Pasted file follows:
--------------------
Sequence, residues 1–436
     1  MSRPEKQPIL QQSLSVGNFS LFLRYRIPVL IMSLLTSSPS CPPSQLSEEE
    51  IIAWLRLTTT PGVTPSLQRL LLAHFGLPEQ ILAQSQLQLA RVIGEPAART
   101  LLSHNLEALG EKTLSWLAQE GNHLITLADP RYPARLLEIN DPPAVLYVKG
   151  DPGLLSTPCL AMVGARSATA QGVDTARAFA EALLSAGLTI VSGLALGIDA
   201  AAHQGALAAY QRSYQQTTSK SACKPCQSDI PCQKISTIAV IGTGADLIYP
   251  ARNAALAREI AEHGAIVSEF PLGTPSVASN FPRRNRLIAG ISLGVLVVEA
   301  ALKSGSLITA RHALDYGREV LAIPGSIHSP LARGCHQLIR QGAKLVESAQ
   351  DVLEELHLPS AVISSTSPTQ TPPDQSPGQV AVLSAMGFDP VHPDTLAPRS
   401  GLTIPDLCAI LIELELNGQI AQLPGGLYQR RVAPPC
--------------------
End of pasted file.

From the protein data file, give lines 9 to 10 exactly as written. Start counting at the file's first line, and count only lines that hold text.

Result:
   351  DVLEELHLPS AVISSTSPTQ TPPDQSPGQV AVLSAMGFDP VHPDTLAPRS
   401  GLTIPDLCAI LIELELNGQI AQLPGGLYQR RVAPPC